When a game appears on the torrents three days before the release, you can’t blame the gaming public. These are versions leaked from within your company, or from review copies you’ve distributed. I still can’t believe you’ll spend millions fighting piracy and you won’t spend a couple of hours setting up a system of tracking builds. Games weigh in at around, what? A gigabyte these days? Just stick a couple of identifying strings in that sea of data. Make sure that every review version you send out has a different set of strings. When the game shows up in the wild, look up that string and see who this copy was intended for. Now that you know where the leak came from, you know who to fire or what magazine was careless (or malicious) with your data.

This costs a little time and energy, but it’s peanuts compared to what you’re spending on DRM and will directly combat those zero-day copies showing up on the web.

8. Lower Prices.

As the personal computer revolution really took off, CPU manufacturers faced an interesting conundrum: Some wealthy users needed all the power they could get, and were willing to pay huge sums of money for the latest and greatest processor. Meanwhile, many newcomers just needed something affordable that would run the latest version of Windows and their word processor of choice. If the manufacturers sold the high-end units at prices that low-end users could afford, they would be walking away from the huge sums of money that could be made from wealthy customers. If they sold only high-end CPU’s at high-end prices, then the low-end users wouldn’t buy anything at all. Note that it was cheaper to make one factory to make only the latest high-performance CPU’s than it was to make the factory make both new and old processors.

Their solution might seem counter-intuitive at first: They took some of those high-end CPU’s, and crippled them after production in order to make them slower, so that they could be sold to low-end users. It was a good system, in that they found a way to take a seemingly indivisible product line and break it up to serve separate markets. Damaging your own goods seems strange, but it let the manufacturers make as much money from all the different markets as possible while at the same time providing CPU’s to as many people as possible.

I’ve mentioned before that prices should simply drop during the shelf-life of a game to glean the sales of those lower-tier customers. Some people can pay $20 for a game. Some will pay $40. Some will pay $60. If you only go after the top tier then you’re leaving money on the table and giving the lower-tier customers an excuse to visit the torrents.

9. Accept piracy.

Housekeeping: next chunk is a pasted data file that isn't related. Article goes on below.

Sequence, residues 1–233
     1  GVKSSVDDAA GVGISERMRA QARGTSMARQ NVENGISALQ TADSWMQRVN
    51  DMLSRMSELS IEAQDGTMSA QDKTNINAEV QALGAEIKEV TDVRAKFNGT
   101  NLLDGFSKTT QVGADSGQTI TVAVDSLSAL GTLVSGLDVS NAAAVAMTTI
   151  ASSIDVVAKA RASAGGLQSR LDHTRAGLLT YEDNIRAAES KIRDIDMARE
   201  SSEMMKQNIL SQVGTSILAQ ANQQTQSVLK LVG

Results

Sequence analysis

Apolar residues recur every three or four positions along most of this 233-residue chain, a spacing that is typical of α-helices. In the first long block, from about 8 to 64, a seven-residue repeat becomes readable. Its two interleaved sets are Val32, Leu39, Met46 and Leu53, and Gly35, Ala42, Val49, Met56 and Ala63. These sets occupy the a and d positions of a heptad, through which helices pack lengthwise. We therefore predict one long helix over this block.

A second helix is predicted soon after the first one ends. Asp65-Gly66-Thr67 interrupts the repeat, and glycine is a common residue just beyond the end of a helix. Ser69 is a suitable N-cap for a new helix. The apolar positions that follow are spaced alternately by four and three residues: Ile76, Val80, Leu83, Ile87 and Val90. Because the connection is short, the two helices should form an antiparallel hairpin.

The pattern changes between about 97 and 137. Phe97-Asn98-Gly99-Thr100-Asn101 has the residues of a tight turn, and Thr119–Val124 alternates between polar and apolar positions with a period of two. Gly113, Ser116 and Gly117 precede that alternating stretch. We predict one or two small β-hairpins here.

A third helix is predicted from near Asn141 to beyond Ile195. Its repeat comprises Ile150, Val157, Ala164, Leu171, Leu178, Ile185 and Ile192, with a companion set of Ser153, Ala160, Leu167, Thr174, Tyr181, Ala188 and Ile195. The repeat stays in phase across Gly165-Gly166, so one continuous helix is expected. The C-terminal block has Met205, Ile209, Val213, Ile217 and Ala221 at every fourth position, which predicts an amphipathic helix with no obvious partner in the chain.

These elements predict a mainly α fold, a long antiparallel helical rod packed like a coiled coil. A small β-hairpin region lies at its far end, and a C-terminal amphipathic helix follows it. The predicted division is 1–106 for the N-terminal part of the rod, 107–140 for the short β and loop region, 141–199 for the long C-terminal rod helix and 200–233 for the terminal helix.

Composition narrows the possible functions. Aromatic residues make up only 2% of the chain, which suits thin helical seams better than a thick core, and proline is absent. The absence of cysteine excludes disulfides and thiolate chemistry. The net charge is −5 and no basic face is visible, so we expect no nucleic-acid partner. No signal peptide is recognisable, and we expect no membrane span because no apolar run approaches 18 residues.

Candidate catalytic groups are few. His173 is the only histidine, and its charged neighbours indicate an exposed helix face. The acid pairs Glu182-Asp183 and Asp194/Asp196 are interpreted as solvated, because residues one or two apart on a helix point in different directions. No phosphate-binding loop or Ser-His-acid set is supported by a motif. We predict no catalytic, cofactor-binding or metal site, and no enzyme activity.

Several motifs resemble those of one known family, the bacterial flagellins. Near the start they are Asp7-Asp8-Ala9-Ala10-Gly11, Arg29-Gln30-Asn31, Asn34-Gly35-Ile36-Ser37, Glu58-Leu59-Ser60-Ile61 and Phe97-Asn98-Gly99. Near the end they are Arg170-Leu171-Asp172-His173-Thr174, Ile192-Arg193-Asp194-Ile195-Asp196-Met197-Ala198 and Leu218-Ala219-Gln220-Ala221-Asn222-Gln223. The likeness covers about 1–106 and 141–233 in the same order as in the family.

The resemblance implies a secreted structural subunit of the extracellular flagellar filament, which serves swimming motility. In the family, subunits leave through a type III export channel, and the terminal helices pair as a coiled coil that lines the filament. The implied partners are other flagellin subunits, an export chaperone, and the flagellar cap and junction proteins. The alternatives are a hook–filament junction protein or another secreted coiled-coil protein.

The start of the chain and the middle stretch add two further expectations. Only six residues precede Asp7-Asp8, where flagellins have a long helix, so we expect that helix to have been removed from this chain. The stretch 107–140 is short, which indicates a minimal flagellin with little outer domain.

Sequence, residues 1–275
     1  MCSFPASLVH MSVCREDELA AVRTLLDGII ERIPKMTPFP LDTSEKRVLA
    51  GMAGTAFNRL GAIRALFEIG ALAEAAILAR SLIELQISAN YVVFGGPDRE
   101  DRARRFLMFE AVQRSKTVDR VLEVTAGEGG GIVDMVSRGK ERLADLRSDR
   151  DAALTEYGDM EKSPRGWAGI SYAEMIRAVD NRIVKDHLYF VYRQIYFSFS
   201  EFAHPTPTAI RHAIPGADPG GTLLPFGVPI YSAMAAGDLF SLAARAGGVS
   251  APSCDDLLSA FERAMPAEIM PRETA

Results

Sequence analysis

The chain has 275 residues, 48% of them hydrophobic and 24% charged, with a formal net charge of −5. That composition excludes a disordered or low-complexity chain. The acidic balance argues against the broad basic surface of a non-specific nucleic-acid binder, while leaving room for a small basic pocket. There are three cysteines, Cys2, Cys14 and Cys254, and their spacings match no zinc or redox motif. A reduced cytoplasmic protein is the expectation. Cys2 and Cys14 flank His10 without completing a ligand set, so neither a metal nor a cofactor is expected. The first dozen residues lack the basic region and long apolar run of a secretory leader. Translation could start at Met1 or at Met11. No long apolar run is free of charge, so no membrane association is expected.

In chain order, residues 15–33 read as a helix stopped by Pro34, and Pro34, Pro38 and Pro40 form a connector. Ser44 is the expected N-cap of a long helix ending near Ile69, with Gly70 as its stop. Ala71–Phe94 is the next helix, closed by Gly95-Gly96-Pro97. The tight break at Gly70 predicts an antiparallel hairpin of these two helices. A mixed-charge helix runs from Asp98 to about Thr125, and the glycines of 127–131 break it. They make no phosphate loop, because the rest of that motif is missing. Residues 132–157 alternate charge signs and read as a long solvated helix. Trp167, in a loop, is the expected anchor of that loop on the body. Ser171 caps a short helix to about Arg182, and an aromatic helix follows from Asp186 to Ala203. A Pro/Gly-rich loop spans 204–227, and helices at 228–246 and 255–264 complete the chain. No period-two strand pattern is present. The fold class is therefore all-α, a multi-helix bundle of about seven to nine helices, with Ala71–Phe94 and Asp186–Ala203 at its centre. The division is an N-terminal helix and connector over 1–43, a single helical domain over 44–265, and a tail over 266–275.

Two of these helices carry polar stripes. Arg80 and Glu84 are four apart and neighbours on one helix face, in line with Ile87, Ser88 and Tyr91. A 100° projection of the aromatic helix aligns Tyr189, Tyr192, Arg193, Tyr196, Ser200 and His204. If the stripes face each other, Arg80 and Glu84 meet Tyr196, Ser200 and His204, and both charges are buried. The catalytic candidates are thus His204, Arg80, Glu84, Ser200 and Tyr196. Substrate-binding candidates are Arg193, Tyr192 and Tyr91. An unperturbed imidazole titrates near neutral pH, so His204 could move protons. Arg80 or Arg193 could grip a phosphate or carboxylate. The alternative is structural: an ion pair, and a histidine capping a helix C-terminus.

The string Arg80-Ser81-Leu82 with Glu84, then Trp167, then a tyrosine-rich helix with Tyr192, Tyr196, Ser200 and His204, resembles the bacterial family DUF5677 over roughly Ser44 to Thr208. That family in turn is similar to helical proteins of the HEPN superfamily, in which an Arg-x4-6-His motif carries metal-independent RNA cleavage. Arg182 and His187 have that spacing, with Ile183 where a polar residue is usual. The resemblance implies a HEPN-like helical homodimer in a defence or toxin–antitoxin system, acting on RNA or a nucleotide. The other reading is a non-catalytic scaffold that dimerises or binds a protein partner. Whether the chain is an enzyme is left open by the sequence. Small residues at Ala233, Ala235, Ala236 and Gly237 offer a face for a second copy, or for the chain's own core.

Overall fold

Note that I’m talking about reducing piracy, not eliminating it.

Your plight is not unique. All businesses suffer losses at some point, and smart businesses will account for these inevitable losses in their plans. Wall-Mart puts up with shoplifting. They could probably catch more shoplifters if they strip-searched people on the way out, but they’re smart enough to know that such a policy would do more harm than good. Retailers know and expect a certain degree of losses due to theft. (They call it shrinkage.) Piracy happens. The goal should be to mitigate it without annoying or accusing paying customers.

10. Make games for people who buy games.

Stardock President Brad Wardell famously made the distinction between “Making games for customers versus making games for users.” While almost any game can be found on the torrents (or so I’m told by enthusiastic pirates) it’s true that some games are downloaded a lot more than others. Pirates seem to gravitate towards flashy hip action games more than (say) Sins of a Solar Empire or Mount & Blade. Pirates favor some titles more than others, so why you continue to make ten million dollar tech demos for the pirates is something of a mystery.

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Note that Crysis was a tech-heavy game that was notoriously hard to run and offered no demo. It was saddled with install-limit DRM. It was a flashy action game, the kind that pirates seem to love. And when it was predictably commandeered by pirates, Crytek threw a tantrum and forswore further PC development. This is like setting your house on fire and then complaining about the neighborhood traffic jam caused by all the firetrucks.

CORRECTION: While Crysis had all of the other DRM customers have come to hate, it did not have online activation. (That would be Crysis Warhead.) Also, while delayed, the demo was out by launch day. I apologize for the errors.

Shamus Young is the author of Twenty Sided, the vandal behind Stolen Pixels, and he already knows you’re not going to listen to his advice. But he thought he’d try anyway.